New Regulations Appear To Authorize Chinese Law Enforcement To Hack Into Computers Anywhere In The World
from the everyone's-doing-it dept
A recurrent theme here on Techdirt has been the way in which the West has ceded the moral high ground in so many areas involving the tech world. For example, in 2010, we noted that the US had really lost the right to point fingers over Internet censorship. The moral high ground on surveillance went in 2013 for people, and in 2014 for economic espionage. Meanwhile, the UK has been shown to be as bad as the most disreputable police states in its long-running blanket surveillance of all its citizens.
The UK's most recent move to cast off any pretense that it is morally superior to other "lesser" nations is the Investigatory Powers Act, which formalizes all the powers its intelligence services have been secretly using for years. One of the most intrusive of those is the power to carry out what is quaintly termed "equipment interference" -- hacking -- anywhere in the world. That means it certainly won't be able to criticize some new rules in China, spotted by the Lawfare blog:
The regulations seem to authorize the unilateral extraction of data concerning anyone (or any company) being investigated under Chinese criminal law from servers and hard drives located outside of China.
Article 9 of the 2016 regulations provides that the police or prosecutors may extract digital data from original storage media (e.g., servers, hard drives) that are located outside of mainland China (i.e., including servers in Hong Kong, Macau, and Taiwan) "through the Internet" and may perform "remote network inspections" of such computer information systems. Remote network inspections are helpfully defined, in Article 29, as "investigation, discovery, and collection of electronic data from remote computer information systems related to crime through the Internet." The only caveat to this grant of authority is a requirement that investigations be subject to "strict standards." No guidance is provided as to what "strict" means.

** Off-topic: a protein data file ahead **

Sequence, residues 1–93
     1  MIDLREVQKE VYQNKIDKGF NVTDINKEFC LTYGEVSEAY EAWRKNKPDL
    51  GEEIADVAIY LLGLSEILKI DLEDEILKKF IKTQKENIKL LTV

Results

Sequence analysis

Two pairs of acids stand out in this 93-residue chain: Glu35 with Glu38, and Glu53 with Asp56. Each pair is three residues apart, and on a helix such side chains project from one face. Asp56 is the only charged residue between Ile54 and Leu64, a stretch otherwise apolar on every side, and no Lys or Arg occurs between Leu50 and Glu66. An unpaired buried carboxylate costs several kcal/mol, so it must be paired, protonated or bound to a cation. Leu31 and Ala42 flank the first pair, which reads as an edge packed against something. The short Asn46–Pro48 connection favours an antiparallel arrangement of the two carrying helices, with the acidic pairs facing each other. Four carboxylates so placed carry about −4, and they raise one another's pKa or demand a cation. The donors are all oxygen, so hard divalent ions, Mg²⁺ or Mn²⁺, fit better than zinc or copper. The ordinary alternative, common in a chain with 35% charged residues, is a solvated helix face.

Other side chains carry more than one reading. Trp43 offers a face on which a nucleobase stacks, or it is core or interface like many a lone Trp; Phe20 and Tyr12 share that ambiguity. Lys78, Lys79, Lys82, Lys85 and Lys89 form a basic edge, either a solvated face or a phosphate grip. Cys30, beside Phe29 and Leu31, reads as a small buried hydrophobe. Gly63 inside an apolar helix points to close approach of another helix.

On its face, the regulation indicates that Chinese officials have authorization to remotely search or extract data anywhere in the world, subject only to the limitations of [China's] domestic law.
If the idea of Chinese government agents hacking into your computer doesn't appeal, well, tough luck: the West is doing it too, so there's really nothing governments there can say that isn't deeply hypocritical. That won't stop them, of course, and it may lead to some nasty international name-calling that could escalate dangerously.
The fact that pretty much all the main players are hacking everyone else like crazy is yet another argument for not weakening encryption anywhere. However much certain politicians might want magic crypto systems that only let in the good guys and always keep out the bad guys -- perhaps by invoking the necessary hashtags -- they simply don't exist. Morever, the supposedly clear-cut distinction between good guys and bad guys has been blurred so completely by decades of the West losing the moral high ground here that it's not a very useful way of framing things anyway.